When someone asks how you're doing, is your answer something like “I'm dragging,” or “Man, I'm so busy”? If it is, you're not alone. We know that Americans are over-stressed and under-slept. We're more connected than ever before which means we can feel constantly chained to our responsibilities both at work and at home. We'd all like to have a day, just to ourselves, to do whatever we'd like, but few of us ever take it. In fact, in 2017, American workers gave up over $62 billion dollars in benefits alone by forfeiting approximately 212 million viable vacation days.
Even if you don't have the money to travel, you should still take time off—especially the time you've earned. Imagine just one day off to do anything you want to do. Maybe you use it to catch up on the things you don't have the time or energy to do during your normal schedule. Maybe you use it do something new and adventurous. Or perhaps you use the day to sleep in, read a book and indulge in some serious self-care. All you have to do is think of the things you want to do, but aren't doing right now.
And while it might seem foreign, taking a day to rest is anything but irresponsible or lazy. It's not selfish to carve out some time to do something you enjoy—this is what compensates for the parts of your life you can't control. Over the past few years, the science has grown to support these claims about the power of a day off. Herewith, four ways that playing hooky can do your body, mind and career good.
This seems small, but there's something empowering about deciding to take some time for yourself. Especially when you fill your day off with things you love, it triggers your brain's reward center. This is an easy way to indulge yourself with little things you deserve. Go hit some golf balls or see a movie. Maybe crack open the bourbon you've been saving for a special occasion. The idea is to treat yourself.
You'll Live Longer
The National Institute for Occupational Safety and Health reported to the CDC that stress levels at work are higher than ever, and chronic stress has been proven to weaken your immune system. A shot of rest and relaxation won't erase all the stressors from your daily work life, but it will give you a break (and just knowing that you've got a day off coming can do wonders for your stress levels).
When you're burnt out, you're not thinking clearly, coming up with inventive new ideas or stumbling upon creative breakthroughs. But a long-term study found that cognitive flexibility, the component of creativity that creates the ability to adapt our thinking to face new and unexpected conditions in our environment, can be boosted by simply taking time off. In fact, another study found that rumination, a kind of anxiety that causes us to focus on what's distressing us (instead of thinking of solutions) actually lessons when our mind knows we're on vacation. And that the levels of those stress hormones stay low for about two weeks after taking time away from the stress.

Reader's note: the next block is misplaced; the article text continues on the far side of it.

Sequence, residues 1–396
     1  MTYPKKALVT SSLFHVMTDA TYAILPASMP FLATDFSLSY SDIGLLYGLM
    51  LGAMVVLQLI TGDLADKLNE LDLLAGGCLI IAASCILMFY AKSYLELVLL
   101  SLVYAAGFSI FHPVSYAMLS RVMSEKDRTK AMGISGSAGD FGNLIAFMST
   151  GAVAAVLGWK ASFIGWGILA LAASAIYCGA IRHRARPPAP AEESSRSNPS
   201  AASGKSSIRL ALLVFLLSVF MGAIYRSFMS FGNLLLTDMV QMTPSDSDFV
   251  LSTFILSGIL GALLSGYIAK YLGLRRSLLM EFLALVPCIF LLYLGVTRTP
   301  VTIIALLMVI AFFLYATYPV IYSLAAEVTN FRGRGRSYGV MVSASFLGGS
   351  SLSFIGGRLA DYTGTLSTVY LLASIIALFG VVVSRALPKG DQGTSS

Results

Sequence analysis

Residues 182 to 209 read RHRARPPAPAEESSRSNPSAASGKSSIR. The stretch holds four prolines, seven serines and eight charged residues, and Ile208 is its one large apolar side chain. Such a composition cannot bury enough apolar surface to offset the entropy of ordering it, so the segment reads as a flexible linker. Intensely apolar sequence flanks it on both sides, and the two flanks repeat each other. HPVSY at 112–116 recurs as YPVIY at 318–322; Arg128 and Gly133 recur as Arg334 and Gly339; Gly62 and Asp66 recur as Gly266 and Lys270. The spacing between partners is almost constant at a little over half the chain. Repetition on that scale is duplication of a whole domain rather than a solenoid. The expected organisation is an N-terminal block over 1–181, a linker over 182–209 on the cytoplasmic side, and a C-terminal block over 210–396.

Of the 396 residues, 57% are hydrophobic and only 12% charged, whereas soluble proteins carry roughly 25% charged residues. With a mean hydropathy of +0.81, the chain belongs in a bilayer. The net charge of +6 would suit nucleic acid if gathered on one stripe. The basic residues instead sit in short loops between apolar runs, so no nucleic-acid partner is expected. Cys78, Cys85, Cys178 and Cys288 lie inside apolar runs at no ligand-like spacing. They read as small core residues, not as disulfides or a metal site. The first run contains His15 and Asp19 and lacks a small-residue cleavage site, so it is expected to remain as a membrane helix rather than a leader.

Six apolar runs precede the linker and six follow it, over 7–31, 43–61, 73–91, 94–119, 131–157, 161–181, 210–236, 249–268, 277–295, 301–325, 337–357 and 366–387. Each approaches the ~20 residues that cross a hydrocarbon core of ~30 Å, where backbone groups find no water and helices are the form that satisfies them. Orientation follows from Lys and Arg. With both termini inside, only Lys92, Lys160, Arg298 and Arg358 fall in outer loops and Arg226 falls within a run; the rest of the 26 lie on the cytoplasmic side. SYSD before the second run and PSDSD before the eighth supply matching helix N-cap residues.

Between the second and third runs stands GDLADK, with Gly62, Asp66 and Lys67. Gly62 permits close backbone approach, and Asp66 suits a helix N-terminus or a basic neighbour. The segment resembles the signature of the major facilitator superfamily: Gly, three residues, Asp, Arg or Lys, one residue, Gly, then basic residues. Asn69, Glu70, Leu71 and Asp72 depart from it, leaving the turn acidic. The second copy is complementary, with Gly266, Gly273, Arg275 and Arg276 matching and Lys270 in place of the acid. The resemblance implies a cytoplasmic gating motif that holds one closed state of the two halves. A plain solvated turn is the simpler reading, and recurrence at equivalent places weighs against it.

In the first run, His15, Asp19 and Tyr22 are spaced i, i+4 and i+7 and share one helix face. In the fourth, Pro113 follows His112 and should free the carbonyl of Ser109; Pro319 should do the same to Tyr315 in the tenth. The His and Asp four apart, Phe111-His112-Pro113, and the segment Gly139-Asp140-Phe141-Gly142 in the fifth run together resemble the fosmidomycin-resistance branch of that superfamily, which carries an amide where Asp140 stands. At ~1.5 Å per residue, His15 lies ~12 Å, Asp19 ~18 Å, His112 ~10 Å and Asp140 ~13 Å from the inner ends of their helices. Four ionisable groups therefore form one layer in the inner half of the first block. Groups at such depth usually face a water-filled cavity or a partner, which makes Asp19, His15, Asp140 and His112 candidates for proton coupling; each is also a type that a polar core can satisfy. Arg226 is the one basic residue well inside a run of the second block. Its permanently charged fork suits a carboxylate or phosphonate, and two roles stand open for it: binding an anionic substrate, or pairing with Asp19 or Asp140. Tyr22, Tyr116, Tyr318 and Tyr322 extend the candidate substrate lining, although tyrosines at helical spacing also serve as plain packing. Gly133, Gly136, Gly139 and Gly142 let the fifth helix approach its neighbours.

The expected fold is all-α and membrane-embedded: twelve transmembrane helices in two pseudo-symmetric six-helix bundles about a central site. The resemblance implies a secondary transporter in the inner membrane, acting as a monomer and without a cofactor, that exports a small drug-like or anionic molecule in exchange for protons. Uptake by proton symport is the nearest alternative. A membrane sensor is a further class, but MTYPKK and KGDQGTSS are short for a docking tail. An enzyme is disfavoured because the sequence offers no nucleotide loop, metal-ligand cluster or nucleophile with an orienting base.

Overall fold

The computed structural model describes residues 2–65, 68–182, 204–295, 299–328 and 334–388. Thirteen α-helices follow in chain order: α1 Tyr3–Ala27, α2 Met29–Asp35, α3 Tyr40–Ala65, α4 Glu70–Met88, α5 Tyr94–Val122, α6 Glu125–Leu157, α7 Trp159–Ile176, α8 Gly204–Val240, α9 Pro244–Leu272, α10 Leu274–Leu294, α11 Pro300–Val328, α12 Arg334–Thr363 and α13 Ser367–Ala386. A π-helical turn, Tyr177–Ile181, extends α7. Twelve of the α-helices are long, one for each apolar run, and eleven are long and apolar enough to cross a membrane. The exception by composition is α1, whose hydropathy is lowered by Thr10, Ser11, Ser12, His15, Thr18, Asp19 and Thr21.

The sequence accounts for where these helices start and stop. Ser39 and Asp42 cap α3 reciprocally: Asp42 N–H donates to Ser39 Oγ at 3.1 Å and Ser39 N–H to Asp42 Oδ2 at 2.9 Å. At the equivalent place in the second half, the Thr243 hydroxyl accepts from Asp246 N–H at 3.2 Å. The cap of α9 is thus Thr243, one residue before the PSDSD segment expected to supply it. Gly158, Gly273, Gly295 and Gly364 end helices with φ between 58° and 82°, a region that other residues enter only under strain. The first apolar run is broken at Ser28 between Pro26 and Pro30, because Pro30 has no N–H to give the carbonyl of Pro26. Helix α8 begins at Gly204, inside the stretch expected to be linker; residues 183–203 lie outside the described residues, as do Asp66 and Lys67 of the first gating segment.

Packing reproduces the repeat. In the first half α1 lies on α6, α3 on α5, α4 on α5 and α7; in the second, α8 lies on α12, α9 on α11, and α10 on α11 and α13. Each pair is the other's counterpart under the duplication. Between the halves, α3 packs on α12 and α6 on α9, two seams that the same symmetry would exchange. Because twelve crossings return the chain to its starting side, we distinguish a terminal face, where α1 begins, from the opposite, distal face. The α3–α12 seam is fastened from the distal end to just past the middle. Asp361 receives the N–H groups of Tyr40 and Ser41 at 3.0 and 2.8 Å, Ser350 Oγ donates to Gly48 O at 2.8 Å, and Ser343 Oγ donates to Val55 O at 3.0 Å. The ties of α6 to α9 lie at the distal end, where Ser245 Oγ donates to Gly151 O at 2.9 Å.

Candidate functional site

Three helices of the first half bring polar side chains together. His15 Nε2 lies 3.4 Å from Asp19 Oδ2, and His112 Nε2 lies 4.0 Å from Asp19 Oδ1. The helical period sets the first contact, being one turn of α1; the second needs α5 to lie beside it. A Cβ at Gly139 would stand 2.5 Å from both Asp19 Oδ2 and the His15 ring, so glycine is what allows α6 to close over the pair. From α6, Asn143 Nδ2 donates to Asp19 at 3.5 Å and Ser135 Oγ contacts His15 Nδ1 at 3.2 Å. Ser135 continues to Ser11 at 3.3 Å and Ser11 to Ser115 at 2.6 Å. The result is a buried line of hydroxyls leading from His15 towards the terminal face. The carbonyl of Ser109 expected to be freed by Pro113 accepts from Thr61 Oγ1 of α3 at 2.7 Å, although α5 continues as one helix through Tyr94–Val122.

Your Work Will Improve
No one does their best work if they've got to be "on" all the time. Even the hardest working company men lose their enthusiasm if they feel like they're constantly working. The stress of the workday blends into the evenings and off-time, eating up recovery and rest time, according to Sabine Sonnentag, a professor at Germany's University of Mannheim. She's found that people who do not know how to detach from work during their off time experience increased exhaustion over the course of one year and are less resilient in the face of stressful work conditions. Sonnentag stresses how critical it is to learn to consciously detach from work and take time for yourself, suggesting activities such as exercise, walks in nature and total absorption in a non-work-related hobby.
It all sounds almost too good to be true, right? Work less, be happier and up your productivity? But the health science backs it up. Along with global statistics. Data from the Organisation for Economic Co-operation and Development (OECD) confirms that working more hours results in less productivity. Two of the most productive countries are Germany and France—and both mandate more than 30 days of vacation. By contrast, the United States, where the average private sector worker receives about ten vacation days, clocks in under them as the third most productive. Could you imagine how productive and happy those workers would be if they had more time off? Or maybe just utilized the vacation days they had?
If a whole day off isn't feasible right now, you can still reap some benefits by allowing yourself a few micro-breaks. The Pomodoro Technique calls for 25 minutes of work alternated with five minutes of recreation. Not only does it allow you to feel like you've gotten some time to yourself, but it's been proven to help your subconscious efficiently problem solve.